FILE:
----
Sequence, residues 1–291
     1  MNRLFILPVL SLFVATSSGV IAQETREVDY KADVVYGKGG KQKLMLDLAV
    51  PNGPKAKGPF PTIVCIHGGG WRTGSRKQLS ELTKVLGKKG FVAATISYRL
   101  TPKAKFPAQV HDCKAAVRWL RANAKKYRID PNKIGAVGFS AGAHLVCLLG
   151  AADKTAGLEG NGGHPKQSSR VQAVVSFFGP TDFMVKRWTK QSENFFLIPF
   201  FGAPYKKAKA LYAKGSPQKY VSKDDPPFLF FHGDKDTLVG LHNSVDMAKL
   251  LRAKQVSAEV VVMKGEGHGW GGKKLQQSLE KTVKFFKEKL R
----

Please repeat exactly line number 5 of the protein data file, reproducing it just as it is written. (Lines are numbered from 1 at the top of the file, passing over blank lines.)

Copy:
   151  AADKTAGLEG NGGHPKQSSR VQAVVSFFGP TDFMVKRWTK QSENFFLIPF